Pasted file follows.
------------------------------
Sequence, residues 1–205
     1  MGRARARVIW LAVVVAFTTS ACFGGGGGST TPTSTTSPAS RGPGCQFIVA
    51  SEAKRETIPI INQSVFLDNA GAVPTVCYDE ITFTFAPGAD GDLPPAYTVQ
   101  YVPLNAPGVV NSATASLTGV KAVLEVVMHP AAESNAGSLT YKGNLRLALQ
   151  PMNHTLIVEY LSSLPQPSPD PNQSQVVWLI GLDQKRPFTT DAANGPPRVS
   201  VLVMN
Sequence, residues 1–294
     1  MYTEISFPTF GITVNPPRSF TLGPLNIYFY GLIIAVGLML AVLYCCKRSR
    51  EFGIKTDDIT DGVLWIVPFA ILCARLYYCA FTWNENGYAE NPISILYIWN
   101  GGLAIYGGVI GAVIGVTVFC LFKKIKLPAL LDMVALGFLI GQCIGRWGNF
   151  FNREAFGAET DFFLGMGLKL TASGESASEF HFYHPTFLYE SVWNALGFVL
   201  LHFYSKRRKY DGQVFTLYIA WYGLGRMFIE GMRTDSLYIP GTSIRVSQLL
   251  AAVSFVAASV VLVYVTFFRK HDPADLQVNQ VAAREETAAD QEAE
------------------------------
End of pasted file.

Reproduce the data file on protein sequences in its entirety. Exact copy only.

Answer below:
Sequence, residues 1–205
     1  MGRARARVIW LAVVVAFTTS ACFGGGGGST TPTSTTSPAS RGPGCQFIVA
    51  SEAKRETIPI INQSVFLDNA GAVPTVCYDE ITFTFAPGAD GDLPPAYTVQ
   101  YVPLNAPGVV NSATASLTGV KAVLEVVMHP AAESNAGSLT YKGNLRLALQ
   151  PMNHTLIVEY LSSLPQPSPD PNQSQVVWLI GLDQKRPFTT DAANGPPRVS
   201  VLVMN
Sequence, residues 1–294
     1  MYTEISFPTF GITVNPPRSF TLGPLNIYFY GLIIAVGLML AVLYCCKRSR
    51  EFGIKTDDIT DGVLWIVPFA ILCARLYYCA FTWNENGYAE NPISILYIWN
   101  GGLAIYGGVI GAVIGVTVFC LFKKIKLPAL LDMVALGFLI GQCIGRWGNF
   151  FNREAFGAET DFFLGMGLKL TASGESASEF HFYHPTFLYE SVWNALGFVL
   201  LHFYSKRRKY DGQVFTLYIA WYGLGRMFIE GMRTDSLYIP GTSIRVSQLL
   251  AAVSFVAASV VLVYVTFFRK HDPADLQVNQ VAAREETAAD QEAE